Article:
3. When you have multiple units selected, here’s how it works: I think the “normal” selection size is something like 40. Four rows of ten. I’m not quite sure, but it’s certainly more than normal. Now, you can select as many units as you want, but your HUD only displays 40 at a time, but there are little boxes you can click (or maybe access with a hotkey) to scroll through each 40-man platoon. As a small point, Blink will affect all your Stalkers at once, while Psionic Storm and similar abilities are one-click one-cast, like with unit creation. It seems that Storm now has a smaller area to compensate.

I think that sums up interface changes.

Now a few game dynamics have changed as well. Some may have been unique to this tournament, some may completely change the way we play this game:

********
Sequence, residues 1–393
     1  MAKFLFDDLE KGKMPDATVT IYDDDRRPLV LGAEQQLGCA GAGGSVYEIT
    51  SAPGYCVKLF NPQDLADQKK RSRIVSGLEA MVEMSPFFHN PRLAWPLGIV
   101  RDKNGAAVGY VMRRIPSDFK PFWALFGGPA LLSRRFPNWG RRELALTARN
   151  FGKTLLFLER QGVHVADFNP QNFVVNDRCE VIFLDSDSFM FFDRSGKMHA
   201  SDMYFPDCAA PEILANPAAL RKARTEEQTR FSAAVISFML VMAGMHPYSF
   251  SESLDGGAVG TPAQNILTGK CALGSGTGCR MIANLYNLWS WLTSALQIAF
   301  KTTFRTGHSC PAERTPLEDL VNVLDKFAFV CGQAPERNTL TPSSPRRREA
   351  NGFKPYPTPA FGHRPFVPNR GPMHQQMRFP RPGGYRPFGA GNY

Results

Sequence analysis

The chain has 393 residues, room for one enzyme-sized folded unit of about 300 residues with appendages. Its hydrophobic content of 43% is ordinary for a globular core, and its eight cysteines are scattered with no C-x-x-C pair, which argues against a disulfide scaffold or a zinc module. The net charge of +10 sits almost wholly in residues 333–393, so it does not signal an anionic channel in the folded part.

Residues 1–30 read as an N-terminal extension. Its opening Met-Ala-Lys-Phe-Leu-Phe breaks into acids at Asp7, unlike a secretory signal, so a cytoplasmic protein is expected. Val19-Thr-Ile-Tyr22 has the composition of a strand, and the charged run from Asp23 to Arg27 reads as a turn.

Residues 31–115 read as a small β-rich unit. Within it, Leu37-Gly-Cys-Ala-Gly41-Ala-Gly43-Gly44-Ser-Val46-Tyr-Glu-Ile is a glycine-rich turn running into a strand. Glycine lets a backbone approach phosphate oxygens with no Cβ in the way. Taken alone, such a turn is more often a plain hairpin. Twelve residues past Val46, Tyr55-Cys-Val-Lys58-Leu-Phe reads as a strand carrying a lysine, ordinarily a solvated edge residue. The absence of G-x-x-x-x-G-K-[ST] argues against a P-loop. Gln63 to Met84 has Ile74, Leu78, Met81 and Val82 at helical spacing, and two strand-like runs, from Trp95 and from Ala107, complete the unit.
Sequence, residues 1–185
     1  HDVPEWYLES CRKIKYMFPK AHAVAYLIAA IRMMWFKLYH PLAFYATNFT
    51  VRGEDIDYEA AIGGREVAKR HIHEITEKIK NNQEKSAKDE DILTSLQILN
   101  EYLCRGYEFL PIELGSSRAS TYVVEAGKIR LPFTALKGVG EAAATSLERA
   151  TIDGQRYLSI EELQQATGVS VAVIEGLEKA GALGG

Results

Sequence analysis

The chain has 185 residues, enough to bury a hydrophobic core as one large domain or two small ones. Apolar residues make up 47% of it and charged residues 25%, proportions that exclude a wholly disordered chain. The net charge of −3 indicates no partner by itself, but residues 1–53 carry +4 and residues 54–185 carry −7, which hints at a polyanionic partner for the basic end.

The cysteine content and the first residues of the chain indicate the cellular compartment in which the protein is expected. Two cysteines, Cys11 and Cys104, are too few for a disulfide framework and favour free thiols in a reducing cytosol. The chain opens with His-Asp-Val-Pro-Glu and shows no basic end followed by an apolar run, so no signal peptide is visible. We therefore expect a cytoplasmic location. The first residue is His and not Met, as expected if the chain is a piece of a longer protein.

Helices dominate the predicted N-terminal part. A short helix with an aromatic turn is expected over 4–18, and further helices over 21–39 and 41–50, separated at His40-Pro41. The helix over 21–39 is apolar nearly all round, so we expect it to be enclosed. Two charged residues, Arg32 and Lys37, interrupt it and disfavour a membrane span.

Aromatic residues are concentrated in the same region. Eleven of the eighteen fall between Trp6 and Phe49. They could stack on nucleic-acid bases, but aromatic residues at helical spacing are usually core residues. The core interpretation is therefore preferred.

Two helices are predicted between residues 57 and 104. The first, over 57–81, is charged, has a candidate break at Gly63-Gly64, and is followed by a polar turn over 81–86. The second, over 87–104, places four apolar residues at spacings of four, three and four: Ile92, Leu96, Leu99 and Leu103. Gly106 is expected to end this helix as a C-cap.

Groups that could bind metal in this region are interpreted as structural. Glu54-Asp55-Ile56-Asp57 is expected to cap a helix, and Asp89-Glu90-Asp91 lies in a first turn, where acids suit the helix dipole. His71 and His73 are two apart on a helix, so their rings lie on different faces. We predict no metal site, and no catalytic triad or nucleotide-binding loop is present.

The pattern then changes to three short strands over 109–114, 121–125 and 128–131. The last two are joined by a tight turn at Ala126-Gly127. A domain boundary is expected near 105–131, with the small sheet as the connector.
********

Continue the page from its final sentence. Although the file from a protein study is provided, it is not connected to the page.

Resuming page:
1. New terrain features: We have destructible doodads again, and it seems Blizzard has taken a cue from Korea, because almost every map has some kind of doodad blocking a valuable expansion. Also, we have a new type of terrain, which has been represented as a cluster of trees, smoke vents, or other things. It’s a Fog of War blocker. One time I had a player lead my troupe of Marines off to the side with his Zerglings, and while I knew what was coming, I wanted to see it just to experience it. Out came 20 more Zerglings from one of these Fog Machines (see what I did there?) and killed half my army before I could retreat to safety. Cliffs work basically the same as before, though if you have read some interviews, attacking from a cliff no longer reveals your units. Oh, and the Colossus rapes Zerglings really badly because of their cliff walking.